What if it is not Alzheimer’s?

Worldwide, around 50 million people have dementia, and there are nearly 10 million new cases every year. Alzheimer’s disease is the most common form of dementia and may contribute to 60–70% of cases. India houses more than 4 million people suffering from some form of dementia. Alzheimer’s affect around 1.6 million. Alarmingly, this number is set to triple by 2050! Among people 65 and older, the rate of Alzheimer’s has gone up tenfold in the past few decades – and 24-fold among those under 65!

 

But here’s an even more disturbing fact.

 

According to a recent study, most people diagnosed with Alzheimer’s don’t even have it! Instead, they have other problems that were missed – and could have been treated if simply looked for. The study autopsied the brains of 426 Japanese-American men who died at an average age of 87. 211 of them had been diagnosed with dementia when they were alive, usually from Alzheimer’s disease. The autopsies revealed that about half of those diagnosed with Alzheimer’s disease didn’t have toxic clumps (amyloid) and tangles of protein (tau) that are the hallmarks of Alzheimer’s disease. This study was reported at the recent annual meeting of the American Academy of Neurology, and it confirms that many (if not most) people diagnosed with Alzheimer’s do not have the disease.

 

The discovery of Alzheimer’s

Around the turn of last century, German doctor, Alois Alzheimer working in Frankfurt sent the brain of an elderly patient who suffered from memory loss and delusions to undergo a process only recently perfected: brain staining using silver dye.

When the results came back, Alois Alzheimer was stunned. They revealed the woman’s brain was filled with small sticky plaques in between the nerve cells, almost like the neurons had been gummed up.  The plaques were made of a protein called beta-amyloid. They block neurons from talking to each other. Another protein called tau also appears to be involved, forming into “tangles” that cut off the transport system that ferries nutrients within brain cells.

Both plaques and tangles form first in the areas of the brain important to memory and learning and then gradually progress to other regions, killing neurons as they go. Patients lose their memory first, and then other functions progressively deteriorate.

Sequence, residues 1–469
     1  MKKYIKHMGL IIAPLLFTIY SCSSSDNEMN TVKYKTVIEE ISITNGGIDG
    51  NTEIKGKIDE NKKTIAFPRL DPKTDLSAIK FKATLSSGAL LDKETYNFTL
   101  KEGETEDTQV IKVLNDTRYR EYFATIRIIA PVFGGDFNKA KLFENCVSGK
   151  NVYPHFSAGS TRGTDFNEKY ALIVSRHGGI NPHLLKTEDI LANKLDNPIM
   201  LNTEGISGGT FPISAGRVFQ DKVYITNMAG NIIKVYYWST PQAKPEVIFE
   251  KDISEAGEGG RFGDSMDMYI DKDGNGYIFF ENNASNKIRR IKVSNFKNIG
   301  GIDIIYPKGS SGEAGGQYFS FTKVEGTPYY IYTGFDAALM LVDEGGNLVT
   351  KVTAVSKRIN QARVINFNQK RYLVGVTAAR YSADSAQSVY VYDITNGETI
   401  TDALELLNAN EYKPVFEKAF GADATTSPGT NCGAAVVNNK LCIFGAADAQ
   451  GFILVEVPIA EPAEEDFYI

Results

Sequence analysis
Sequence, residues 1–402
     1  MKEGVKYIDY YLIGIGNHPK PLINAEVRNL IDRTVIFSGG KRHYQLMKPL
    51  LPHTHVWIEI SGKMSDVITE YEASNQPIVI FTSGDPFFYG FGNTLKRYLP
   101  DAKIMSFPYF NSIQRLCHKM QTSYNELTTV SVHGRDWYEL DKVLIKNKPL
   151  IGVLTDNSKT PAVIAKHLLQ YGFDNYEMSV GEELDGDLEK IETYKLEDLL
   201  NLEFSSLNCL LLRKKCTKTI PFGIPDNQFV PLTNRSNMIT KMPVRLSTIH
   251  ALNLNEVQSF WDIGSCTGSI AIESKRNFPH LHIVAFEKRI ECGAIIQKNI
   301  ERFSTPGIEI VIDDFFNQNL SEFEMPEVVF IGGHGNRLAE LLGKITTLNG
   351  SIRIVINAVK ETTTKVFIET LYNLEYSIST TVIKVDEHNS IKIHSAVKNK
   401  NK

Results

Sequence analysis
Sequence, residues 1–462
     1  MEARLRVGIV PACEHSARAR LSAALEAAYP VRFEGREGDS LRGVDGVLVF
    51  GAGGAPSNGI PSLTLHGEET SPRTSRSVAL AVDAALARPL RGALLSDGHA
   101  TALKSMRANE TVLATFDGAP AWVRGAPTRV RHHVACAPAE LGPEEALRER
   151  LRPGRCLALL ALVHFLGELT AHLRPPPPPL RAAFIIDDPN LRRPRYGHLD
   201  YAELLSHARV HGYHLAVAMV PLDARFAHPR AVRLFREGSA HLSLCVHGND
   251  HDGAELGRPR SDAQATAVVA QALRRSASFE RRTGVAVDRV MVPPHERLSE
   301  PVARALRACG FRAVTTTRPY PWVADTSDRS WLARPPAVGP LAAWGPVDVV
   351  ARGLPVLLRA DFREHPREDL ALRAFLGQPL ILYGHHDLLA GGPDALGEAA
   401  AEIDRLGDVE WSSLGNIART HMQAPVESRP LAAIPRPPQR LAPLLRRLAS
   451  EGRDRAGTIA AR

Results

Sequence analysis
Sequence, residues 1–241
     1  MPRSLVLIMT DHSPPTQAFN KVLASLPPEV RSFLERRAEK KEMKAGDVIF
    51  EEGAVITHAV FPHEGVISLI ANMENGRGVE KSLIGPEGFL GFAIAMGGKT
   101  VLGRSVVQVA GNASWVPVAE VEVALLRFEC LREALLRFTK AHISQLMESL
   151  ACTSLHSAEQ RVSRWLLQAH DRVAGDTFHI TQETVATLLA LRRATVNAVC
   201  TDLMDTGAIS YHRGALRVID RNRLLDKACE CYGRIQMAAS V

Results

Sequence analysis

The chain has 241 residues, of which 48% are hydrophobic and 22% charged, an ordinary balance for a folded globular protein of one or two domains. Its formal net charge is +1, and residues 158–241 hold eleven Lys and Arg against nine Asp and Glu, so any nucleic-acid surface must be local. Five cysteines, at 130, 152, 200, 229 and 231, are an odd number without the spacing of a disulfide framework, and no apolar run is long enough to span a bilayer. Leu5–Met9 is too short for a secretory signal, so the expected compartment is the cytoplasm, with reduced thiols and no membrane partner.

Alzheimer’s, which is the leading cause of dementia, can lead to immobility and problems with feeding and swallowing, which can cause pneumonia, heart failure and eventually death.

 

What is neurodegeneration and dementia?

“Neurodegeneration reflects the fact that there are misfolded proteins that are accumulating in our brains. All of our brain cells or neurons depend on functioning of proteins. And under some circumstances these proteins can become misfolded and when they become misfolded, they can no longer perform their essential function. And depending on where in the brain this process is occurring out, we’ll see different kinds of symptoms. So, if there are proteins accumulating in the part of the brain that are important for language it will result in some difficulty with language functioning. If there are proteins that are becoming misfolded and accumulating in the memory part of the brain that will result in some difficulty with memory. So, neurodegeneration is when misfolded proteins accumulate in a particular part of the brain. And as these misfolded proteins accumulate, they cause difficulties with various kinds of symptoms. The symptoms worsen with time as misfolded proteins accumulate. And dementia refers to the progressive cognitive change that occurs as these misfolded proteins accumulate in the brain”, explains Dr. Murray Grossman, Professor of Neurology, Director, Penn FTD Center, University of Pennsylvania.

Dementia is any acquired brain condition that interferes with the ability to think and to carry out routine daily functions. Dementia can have many different causes – and many of them are reversible. Dementia can be caused by a vitamin deficiency, such as low levels of vitamin B12. It can be from a drug side effect. Or a symptom of depression. Hypothyroidism can cause it. So can head trauma from a fall. Even dehydration can cause dementia.

Non-Alzheimer’s Dementia

Conditions that can masquerade as Alzheimer’s include underactive thyroid, vitamin deficiencies, too much calcium in the blood, syphilis that has spread to the brain, severe clinical depression, delirium, certain viral or bacterial infections, lead and mercury poisoning, schizophrenia and NPH (normal pressure hydrocephalus). Many of these are treatable, and some are completely curable.

 

Parkinson’s Disease Dementia

Parkinson’s disease (PD) has long been considered predominantly a motor disorder. However, it is frequently associated with dementia, which contributes significantly to the morbidity and mortality of the condition. Parkinson’s disease dementia is caused when deposits of a compound, known as alpha-synuclein, builds up in the brain. It is estimated that 50 to 80 percent of those with Parkinson’s disease eventually experience Parkinson’s disease dementia. The average time from onset of Parkinson’s to developing dementia is about 10 years.

NPH Dementia

After six years and consultations with numerous physicians, it turned out that Bhavani did not have Alzheimer’s or Parkinson’s after all. She had a rare disorder called normal pressure hydrocephalus (NPH). Amazingly, within two weeks of a surgical procedure, she was walking and thinking clearly again. “It’s a miracle,” says Mr. Mehra, Bhavani’s husband. “All of her symptoms are gone now. We thank God and the doctors every day. She’s a new person.”